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Post-Endoscopic Retrograde Cholangiopancreaticography complications in liver transplanted patients, a single-center experience

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@article{ef93a09d818746eda5dde4496cbb4495,
title = "Post-Endoscopic Retrograde Cholangiopancreaticography complications in liver transplanted patients, a single-center experience",
abstract = "BACKGROUND: Complications in the biliary tract occur in 5{\%}-30{\%} after liver transplantation and the main part of the complications is successfully managed with endoscopic retrograde cholangiopancreaticography (ERCP). The incidence and risk factors for post-ERCP complications in liver transplantation patients are not well described. Our objective was to define the frequency of post-ERCP complications in liver transplantation patients at the Abdominal Center, Rigshospitalet, the only Liver Transplantation Center in Denmark.METHODS: Retrospective study of all ERCPs performed in liver transplantation patients during a 9-year period.RESULTS: A total of 292 ERCPs were included. Overall post-ERCP complications occurred in 24 procedures (8.2{\%}): pancreatitis in 8 (2.7{\%}), bleeding in 5 (1.7{\%}), and cholangitis in 13 (4.5{\%}) procedures. Simultaneous pancreatitis and cholangitis, and simultaneous bleeding and cholangitis occurred after two procedures, respectively. Multivariate analysis concerning overall complications identified biliary sphincterotomy (p = 0.006) and time since liver transplantation within 90 days postoperatively (p = 0.044) as risk factors for post-ERCP complications. Specifically concerning post-ERCP pancreatitis (PEP), it was found that pre-ERCP cholangitis was another independent risk factor for PEP (p = 0.026). Stent in the biliary tract prior to ERCP seemed to be protective (p = 0.041).CONCLUSIONS: Complications were of surprisingly mild degree. The rates of post-ERCP complications in our study were in line with previous studies with liver transplantation patients. Cholangitis prior to ERCP may be another risk factor for post-ERCP pancreatitis.",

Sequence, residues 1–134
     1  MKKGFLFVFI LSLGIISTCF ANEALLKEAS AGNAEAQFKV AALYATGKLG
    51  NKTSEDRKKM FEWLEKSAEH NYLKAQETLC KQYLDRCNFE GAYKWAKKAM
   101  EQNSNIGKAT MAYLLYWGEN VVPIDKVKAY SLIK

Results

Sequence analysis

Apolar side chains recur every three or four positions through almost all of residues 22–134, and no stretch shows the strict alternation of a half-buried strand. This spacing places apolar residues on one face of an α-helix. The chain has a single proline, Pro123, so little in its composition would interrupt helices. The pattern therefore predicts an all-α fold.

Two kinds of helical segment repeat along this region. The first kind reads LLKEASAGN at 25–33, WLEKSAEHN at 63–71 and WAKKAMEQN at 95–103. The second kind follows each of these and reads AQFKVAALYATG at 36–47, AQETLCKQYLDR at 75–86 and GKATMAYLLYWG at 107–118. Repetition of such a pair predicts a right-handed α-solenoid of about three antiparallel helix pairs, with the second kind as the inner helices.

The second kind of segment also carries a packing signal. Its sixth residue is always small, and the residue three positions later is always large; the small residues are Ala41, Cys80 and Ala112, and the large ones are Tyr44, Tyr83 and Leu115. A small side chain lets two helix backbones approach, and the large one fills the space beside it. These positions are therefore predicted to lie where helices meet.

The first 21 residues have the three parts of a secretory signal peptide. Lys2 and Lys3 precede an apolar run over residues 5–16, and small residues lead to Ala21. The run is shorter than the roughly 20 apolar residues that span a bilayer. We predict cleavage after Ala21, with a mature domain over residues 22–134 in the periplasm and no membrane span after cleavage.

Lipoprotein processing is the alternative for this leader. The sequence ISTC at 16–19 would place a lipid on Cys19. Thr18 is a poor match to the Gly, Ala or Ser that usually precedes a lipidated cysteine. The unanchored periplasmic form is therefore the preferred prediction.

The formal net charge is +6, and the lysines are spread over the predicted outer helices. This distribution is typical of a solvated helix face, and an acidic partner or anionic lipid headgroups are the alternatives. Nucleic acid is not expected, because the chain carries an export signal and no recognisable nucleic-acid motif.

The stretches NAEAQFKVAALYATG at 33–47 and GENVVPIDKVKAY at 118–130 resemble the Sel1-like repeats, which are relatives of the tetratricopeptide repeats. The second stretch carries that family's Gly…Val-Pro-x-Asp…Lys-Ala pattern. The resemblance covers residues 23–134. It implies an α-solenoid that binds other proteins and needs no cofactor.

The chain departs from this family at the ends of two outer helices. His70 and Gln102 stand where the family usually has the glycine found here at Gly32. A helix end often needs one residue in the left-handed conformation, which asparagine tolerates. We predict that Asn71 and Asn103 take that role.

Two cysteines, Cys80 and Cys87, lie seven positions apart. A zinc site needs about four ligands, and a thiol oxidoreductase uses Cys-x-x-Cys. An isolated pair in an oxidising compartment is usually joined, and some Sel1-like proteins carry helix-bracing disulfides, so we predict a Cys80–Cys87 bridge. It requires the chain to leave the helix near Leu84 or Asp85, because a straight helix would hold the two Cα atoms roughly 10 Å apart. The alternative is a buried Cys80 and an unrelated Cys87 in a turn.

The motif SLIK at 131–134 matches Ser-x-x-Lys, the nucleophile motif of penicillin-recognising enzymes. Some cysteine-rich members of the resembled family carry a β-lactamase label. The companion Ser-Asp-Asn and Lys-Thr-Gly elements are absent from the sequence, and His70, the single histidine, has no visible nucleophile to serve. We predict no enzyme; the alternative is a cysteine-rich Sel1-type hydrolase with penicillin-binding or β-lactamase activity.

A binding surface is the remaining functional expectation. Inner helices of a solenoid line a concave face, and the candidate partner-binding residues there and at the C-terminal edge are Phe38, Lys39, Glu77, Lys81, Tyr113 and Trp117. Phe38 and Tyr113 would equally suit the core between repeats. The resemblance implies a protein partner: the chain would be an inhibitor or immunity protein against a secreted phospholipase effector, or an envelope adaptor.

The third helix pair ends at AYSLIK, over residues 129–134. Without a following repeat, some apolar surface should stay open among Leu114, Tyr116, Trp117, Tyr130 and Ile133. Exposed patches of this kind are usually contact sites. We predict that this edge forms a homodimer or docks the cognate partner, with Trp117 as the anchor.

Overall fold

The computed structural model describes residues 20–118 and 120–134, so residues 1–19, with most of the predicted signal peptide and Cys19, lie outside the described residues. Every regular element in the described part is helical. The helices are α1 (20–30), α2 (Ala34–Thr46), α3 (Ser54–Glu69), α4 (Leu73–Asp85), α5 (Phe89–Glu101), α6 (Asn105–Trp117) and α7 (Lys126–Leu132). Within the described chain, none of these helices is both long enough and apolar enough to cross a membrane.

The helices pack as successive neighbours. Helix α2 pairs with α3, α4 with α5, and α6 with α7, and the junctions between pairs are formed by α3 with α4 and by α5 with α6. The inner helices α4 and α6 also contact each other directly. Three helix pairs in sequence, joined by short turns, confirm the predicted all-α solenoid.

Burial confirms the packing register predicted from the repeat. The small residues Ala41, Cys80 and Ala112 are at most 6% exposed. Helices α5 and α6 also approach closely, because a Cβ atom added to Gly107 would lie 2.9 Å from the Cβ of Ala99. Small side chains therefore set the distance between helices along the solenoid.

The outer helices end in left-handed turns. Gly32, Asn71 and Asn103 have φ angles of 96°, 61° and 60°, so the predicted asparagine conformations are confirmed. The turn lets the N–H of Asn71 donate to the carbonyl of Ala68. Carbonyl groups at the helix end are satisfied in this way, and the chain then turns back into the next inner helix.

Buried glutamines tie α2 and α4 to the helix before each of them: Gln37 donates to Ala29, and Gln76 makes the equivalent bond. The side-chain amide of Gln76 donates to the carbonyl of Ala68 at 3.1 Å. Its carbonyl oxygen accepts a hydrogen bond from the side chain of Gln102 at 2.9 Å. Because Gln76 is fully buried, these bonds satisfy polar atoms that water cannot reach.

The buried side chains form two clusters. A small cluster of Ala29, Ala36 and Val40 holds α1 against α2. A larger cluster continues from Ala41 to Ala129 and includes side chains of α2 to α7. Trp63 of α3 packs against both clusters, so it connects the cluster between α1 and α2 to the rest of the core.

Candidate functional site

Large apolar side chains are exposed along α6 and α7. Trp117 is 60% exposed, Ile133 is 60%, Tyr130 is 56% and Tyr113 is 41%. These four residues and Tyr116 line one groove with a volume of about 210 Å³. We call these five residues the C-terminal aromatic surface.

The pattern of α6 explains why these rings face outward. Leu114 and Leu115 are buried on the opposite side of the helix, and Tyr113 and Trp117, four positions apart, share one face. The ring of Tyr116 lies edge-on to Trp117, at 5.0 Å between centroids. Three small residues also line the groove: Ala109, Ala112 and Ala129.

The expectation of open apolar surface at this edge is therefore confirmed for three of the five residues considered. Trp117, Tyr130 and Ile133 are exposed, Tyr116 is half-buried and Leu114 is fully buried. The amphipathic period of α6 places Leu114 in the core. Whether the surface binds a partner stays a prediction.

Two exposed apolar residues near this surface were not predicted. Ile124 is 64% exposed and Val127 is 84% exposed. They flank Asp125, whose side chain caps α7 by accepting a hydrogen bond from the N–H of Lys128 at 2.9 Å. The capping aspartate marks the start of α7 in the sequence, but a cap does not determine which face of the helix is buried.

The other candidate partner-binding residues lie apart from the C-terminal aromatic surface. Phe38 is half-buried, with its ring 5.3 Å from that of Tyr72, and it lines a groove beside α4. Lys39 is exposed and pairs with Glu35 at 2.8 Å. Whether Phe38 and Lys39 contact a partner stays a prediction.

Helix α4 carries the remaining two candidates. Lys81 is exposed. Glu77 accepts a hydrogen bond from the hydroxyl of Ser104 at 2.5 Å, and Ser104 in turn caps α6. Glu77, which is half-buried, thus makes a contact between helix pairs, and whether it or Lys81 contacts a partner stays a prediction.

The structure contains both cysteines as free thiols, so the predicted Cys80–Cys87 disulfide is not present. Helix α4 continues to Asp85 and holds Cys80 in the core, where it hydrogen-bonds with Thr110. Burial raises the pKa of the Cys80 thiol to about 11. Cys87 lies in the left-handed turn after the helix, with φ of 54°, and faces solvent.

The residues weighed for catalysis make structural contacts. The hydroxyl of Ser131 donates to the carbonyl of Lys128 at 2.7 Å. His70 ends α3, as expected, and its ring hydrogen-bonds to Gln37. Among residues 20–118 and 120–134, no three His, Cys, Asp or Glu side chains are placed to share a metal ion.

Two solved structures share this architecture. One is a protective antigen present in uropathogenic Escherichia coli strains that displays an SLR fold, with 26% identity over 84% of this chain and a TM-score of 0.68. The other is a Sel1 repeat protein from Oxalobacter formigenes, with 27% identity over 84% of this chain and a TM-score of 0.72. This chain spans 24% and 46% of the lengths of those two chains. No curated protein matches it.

author = "Rikard Ambrus and Svendsen, {L B} and Hillings{\o}, {J G} and Hansen, {M L} and Achiam, {M P}",
year = "2015",
doi = "10.1177/1457496914529274",
language = "English",
volume = "104",
pages = "86--91",
journal = "Scandinavian Journal of Surgery",
issn = "1457-4969",
publisher = "Suomen Kirurgiyhdistyksen",
number = "2",

}

RIS

TY - JOUR

T1 - Post-Endoscopic Retrograde Cholangiopancreaticography complications in liver transplanted patients, a single-center experience

AU - Ambrus, Rikard

AU - Svendsen, L B

AU - Hillingsø, J G

AU - Hansen, M L

AU - Achiam, M P

PY - 2015

Y1 - 2015